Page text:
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Emotion regulation: exploring the impact of stress and sex.

Kinner VL, Het S, Wolf OT - Front Behav Neurosci (2014)

Bottom Line: In contrast to controls, stressed participants were less effective in distracting themselves from the emotional pictures.The results further suggest that in women stress enhances the ability to decrease negative emotions.These findings characterize the impact of stress and sex on emotion regulation and provide initial evidence that these factors may interact.

View Article: PubMed Central - PubMed

Affiliation: Department of Cognitive Psychology, Institute of Cognitive Neuroscience, Ruhr University Bochum Bochum, Germany.

ABSTRACT
Emotion regulation is a major prerequisite for adaptive behavior. The capacity to regulate emotions is particularly important during and after the encounter of a stressor. However, the impact of acute stress and its associated neuroendocrine alterations on emotion regulation have received little attention so far. This study aimed to explore how stress-induced cortisol increases affect three different emotion regulation strategies. Seventy two healthy men and women were either exposed to a stressor or a control condition. Subsequently participants viewed positive and negative images and were asked to up- or down-regulate their emotional responses or simultaneously required to solve an arithmetic task (distraction). The factors stress, sex, and strategy were operationalized as between group factors (n = 6 per cell). Stress caused an increase in blood pressure and higher subjective stress ratings. An increase in cortisol was observed in male participants only. In contrast to controls, stressed participants were less effective in distracting themselves from the emotional pictures. The results further suggest that in women stress enhances the ability to decrease negative emotions. These findings characterize the impact of stress and sex on emotion regulation and provide initial evidence that these factors may interact.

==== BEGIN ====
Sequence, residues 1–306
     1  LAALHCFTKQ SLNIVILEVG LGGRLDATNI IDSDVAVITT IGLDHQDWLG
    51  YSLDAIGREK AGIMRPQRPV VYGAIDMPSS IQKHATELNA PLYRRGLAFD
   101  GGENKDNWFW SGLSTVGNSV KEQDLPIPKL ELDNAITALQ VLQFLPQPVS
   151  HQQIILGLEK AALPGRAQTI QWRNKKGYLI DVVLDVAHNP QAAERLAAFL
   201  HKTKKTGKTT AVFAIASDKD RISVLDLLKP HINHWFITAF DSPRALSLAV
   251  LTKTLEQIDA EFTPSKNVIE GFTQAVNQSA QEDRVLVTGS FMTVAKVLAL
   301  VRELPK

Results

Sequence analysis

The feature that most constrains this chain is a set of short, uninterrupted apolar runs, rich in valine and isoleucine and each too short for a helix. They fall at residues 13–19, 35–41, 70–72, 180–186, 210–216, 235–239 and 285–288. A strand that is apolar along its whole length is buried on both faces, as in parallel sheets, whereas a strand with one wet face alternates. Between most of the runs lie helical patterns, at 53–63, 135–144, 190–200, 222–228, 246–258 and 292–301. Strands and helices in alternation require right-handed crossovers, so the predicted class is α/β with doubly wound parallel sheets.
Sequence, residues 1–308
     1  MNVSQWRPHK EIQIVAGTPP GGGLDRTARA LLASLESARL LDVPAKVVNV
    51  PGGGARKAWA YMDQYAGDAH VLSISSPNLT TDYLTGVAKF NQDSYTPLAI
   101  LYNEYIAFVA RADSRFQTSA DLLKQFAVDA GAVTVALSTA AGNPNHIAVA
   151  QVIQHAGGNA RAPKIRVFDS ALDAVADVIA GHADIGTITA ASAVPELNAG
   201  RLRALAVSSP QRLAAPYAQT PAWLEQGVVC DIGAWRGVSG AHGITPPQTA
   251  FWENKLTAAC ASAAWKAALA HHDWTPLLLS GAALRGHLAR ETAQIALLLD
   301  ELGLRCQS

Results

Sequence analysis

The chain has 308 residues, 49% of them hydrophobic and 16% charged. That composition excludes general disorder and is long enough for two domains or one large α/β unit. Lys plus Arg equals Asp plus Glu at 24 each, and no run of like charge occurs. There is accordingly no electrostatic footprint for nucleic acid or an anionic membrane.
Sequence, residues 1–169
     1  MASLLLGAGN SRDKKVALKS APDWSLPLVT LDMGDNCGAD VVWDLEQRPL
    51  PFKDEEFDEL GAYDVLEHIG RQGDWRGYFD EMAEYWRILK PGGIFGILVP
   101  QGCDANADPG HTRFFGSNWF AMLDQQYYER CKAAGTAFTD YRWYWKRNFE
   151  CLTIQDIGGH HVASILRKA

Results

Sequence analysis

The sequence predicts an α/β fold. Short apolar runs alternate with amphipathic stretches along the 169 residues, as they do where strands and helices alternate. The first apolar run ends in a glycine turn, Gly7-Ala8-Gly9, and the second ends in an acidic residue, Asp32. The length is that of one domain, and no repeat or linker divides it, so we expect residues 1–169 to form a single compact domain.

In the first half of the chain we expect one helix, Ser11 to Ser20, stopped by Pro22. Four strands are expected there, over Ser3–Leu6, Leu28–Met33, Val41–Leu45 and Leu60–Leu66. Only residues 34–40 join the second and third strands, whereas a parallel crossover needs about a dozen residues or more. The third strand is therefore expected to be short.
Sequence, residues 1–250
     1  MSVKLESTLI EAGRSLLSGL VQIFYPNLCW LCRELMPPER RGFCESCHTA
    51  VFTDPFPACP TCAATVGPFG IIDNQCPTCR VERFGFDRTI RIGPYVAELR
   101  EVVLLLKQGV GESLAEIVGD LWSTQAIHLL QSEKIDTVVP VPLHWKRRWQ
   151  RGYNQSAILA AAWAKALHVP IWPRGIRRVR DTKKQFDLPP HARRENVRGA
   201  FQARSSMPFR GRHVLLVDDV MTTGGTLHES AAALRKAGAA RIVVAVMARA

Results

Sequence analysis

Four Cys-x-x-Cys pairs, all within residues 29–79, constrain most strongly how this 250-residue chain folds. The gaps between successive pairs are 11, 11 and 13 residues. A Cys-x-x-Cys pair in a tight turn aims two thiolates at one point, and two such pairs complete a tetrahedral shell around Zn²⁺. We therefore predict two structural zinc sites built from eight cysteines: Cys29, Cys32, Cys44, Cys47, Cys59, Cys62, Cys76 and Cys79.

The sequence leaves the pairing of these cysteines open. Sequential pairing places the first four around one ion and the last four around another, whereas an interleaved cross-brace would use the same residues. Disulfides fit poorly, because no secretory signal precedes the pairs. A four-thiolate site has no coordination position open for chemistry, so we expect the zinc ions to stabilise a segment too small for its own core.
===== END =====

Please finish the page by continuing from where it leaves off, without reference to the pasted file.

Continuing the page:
No MeSH data available.


Related in: MedlinePlus

Mean emotional ratings (±s.e.m.) to sample pictures in the decrease condition are depicted for both sexes in the stress and control group. Stressed women in the decrease condition reported higher subjective valence than control women *p = 0.05 (t-test).
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Figure 3: Mean emotional ratings (±s.e.m.) to sample pictures in the decrease condition are depicted for both sexes in the stress and control group. Stressed women in the decrease condition reported higher subjective valence than control women *p = 0.05 (t-test).

Mentions: In order to characterize this three way interaction further we conducted three separate ANOVAs (for each strategy) with the factors stress and sex. For the decrease condition a significant stress by sex interaction was observed F(1, 20) = 4.36, p = 0.05). Stressed women reported higher subjective valence ratings compared to women from the control group [t(10) = −2.2, p = 0.05, d = 1.28] (see Figure 3). In men no such effect was apparent.